Solar driven irrigation systems for remote rural farms

Saeed Mohammed Wazed, Ben Richard Hughes, Dominic O'Connor, John Kaiser Calautit

Research output: Contribution to journalConference article

2 Citations (Scopus)
39 Downloads (Pure)

Abstract

Solar powered irrigation technologies have developed significantly in the past decade assisted by the development of higher efficiency, low cost solar Photovoltaic (PV) panels. The technology has come so far as to be able to elapse diesel powered irrigation systems in terms of the payback period and reduction in greenhouse gasses. However, PV technologies are still not being used extensively due to their high initial investment costs and compared to other renewable energy technologies the carbon footprint is still comparatively large. On the other hand, solar thermal technologies are seen to be much cheaper, and have a much smaller carbon footprint, but are marred by low efficiencies. This paper investigates solar powered irrigation technologies (PV and solar thermal technologies) that can be utilised by independent farmers in small-scale remote rural farms in Sub-Saharan Africa. The focus is to be able to identify affordable solar powered irrigation systems that will make use of local resources effectively for drip irrigation.

Original languageEnglish
Pages (from-to)184-191
Number of pages8
JournalEnergy Procedia
Volume142
DOIs
Publication statusPublished - 31 Dec 2017
Event9th International Conference on Applied Energy, ICAE 2017 - Cardiff, United Kingdom
Duration: 21 Aug 201724 Aug 2017

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Irrigation
Farms
Carbon footprint
Greenhouses
Costs

Keywords

  • concentrated solar thermal
  • irrigation
  • photovoltaics
  • solar energy
  • solar water pumping
  • Stirling engine

Cite this

Wazed, Saeed Mohammed ; Hughes, Ben Richard ; O'Connor, Dominic ; Calautit, John Kaiser. / Solar driven irrigation systems for remote rural farms. In: Energy Procedia. 2017 ; Vol. 142. pp. 184-191.
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Solar driven irrigation systems for remote rural farms. / Wazed, Saeed Mohammed; Hughes, Ben Richard; O'Connor, Dominic; Calautit, John Kaiser.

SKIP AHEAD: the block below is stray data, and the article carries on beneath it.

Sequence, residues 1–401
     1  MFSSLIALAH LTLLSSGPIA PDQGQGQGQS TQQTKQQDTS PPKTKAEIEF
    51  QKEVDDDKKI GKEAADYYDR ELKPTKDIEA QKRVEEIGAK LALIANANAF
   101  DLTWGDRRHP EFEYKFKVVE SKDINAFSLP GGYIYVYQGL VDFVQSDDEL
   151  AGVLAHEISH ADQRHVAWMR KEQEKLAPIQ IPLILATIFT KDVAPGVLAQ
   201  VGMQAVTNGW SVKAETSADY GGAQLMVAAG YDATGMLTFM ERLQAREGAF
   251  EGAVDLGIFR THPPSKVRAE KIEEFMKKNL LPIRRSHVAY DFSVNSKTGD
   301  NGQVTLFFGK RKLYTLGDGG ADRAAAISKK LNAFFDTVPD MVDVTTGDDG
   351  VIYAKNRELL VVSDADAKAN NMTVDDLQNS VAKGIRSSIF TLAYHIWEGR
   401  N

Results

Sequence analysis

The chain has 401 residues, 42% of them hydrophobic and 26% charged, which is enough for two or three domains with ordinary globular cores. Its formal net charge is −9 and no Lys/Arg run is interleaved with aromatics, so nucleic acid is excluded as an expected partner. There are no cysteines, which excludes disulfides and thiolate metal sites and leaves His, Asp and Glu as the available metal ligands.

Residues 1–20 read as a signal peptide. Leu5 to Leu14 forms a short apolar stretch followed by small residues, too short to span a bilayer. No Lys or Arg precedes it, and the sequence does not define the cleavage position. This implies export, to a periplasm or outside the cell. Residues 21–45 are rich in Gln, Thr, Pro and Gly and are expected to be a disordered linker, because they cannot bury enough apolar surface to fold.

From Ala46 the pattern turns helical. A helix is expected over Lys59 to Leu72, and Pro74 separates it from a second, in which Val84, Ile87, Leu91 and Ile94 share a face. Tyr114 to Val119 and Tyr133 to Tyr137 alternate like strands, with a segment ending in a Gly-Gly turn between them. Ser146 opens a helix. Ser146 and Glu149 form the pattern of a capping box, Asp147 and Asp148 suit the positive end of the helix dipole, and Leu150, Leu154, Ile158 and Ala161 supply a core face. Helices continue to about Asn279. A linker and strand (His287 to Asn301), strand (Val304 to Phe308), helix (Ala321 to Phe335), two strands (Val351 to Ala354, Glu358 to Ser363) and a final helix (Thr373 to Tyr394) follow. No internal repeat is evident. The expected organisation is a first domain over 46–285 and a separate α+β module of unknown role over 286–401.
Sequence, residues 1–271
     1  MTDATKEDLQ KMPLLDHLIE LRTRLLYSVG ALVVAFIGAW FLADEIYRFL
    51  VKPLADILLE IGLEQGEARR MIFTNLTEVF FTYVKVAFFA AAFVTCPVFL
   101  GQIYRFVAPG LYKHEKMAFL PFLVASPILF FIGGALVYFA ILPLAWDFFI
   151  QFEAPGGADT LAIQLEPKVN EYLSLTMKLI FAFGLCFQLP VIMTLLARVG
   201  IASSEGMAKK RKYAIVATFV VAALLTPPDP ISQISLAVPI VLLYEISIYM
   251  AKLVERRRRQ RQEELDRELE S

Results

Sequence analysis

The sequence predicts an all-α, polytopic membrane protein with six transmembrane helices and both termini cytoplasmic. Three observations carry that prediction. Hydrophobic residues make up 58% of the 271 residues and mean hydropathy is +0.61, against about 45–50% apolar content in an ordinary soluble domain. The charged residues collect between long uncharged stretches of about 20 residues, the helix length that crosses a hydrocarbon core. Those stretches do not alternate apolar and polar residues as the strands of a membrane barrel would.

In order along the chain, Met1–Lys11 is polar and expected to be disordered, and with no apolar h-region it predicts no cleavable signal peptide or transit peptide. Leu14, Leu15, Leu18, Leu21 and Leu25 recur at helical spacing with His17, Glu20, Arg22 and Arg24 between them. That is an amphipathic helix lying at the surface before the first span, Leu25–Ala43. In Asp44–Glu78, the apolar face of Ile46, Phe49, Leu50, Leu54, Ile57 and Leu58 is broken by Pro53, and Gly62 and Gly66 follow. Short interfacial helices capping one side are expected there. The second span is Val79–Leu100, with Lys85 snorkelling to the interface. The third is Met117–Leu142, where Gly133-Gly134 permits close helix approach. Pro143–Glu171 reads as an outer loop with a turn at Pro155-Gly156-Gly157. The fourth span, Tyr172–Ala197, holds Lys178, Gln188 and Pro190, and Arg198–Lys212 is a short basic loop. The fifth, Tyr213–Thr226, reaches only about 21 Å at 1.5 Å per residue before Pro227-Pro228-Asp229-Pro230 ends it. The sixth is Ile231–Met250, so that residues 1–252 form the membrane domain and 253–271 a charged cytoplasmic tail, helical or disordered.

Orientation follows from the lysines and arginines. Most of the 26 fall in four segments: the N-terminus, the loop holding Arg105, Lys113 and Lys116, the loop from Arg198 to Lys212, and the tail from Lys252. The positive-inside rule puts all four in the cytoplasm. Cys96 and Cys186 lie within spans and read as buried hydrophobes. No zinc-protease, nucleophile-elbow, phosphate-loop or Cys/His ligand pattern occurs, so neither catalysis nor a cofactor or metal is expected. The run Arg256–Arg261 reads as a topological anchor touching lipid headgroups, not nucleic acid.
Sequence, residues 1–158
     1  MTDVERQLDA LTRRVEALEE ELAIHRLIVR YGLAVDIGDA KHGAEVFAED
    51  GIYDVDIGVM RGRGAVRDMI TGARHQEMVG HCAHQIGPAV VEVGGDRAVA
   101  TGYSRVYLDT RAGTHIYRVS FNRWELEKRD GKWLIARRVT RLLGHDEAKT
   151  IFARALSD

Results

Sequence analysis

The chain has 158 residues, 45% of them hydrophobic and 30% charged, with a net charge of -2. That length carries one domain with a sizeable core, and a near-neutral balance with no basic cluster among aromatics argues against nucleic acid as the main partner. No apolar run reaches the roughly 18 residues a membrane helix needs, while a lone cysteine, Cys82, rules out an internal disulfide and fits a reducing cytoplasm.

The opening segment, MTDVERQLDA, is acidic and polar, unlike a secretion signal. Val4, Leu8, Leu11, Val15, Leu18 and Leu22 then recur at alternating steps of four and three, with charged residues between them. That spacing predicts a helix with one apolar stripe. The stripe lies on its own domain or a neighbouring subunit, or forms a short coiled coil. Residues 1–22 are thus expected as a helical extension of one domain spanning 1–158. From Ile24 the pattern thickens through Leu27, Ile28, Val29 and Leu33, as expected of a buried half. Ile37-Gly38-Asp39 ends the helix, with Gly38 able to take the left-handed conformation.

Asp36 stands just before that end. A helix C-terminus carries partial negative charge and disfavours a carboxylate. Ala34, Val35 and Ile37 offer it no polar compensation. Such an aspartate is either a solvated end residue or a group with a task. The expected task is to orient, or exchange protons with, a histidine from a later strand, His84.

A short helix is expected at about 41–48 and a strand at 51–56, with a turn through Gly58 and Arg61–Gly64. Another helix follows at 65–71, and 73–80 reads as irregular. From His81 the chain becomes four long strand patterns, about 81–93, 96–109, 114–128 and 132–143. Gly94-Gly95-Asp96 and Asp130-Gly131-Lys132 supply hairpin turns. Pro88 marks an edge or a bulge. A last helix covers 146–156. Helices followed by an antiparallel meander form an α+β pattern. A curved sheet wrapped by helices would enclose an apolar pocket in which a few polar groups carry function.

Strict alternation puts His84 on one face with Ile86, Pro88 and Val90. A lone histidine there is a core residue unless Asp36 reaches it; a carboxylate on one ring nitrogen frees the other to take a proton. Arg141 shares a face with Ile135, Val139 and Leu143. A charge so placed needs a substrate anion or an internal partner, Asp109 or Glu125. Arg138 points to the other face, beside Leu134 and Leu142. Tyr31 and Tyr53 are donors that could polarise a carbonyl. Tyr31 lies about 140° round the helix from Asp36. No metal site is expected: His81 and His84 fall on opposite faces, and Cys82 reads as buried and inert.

In: Energy Procedia, Vol. 142, 31.12.2017, p. 184-191.

Research output: Contribution to journalConference article

TY - JOUR

T1 - Solar driven irrigation systems for remote rural farms

AU - Wazed, Saeed Mohammed

AU - Hughes, Ben Richard

AU - O'Connor, Dominic

AU - Calautit, John Kaiser

PY - 2017/12/31

Y1 - 2017/12/31

N2 - Solar powered irrigation technologies have developed significantly in the past decade assisted by the development of higher efficiency, low cost solar Photovoltaic (PV) panels. The technology has come so far as to be able to elapse diesel powered irrigation systems in terms of the payback period and reduction in greenhouse gasses. However, PV technologies are still not being used extensively due to their high initial investment costs and compared to other renewable energy technologies the carbon footprint is still comparatively large. On the other hand, solar thermal technologies are seen to be much cheaper, and have a much smaller carbon footprint, but are marred by low efficiencies. This paper investigates solar powered irrigation technologies (PV and solar thermal technologies) that can be utilised by independent farmers in small-scale remote rural farms in Sub-Saharan Africa. The focus is to be able to identify affordable solar powered irrigation systems that will make use of local resources effectively for drip irrigation.

AB - Solar powered irrigation technologies have developed significantly in the past decade assisted by the development of higher efficiency, low cost solar Photovoltaic (PV) panels. The technology has come so far as to be able to elapse diesel powered irrigation systems in terms of the payback period and reduction in greenhouse gasses. However, PV technologies are still not being used extensively due to their high initial investment costs and compared to other renewable energy technologies the carbon footprint is still comparatively large. On the other hand, solar thermal technologies are seen to be much cheaper, and have a much smaller carbon footprint, but are marred by low efficiencies. This paper investigates solar powered irrigation technologies (PV and solar thermal technologies) that can be utilised by independent farmers in small-scale remote rural farms in Sub-Saharan Africa. The focus is to be able to identify affordable solar powered irrigation systems that will make use of local resources effectively for drip irrigation.

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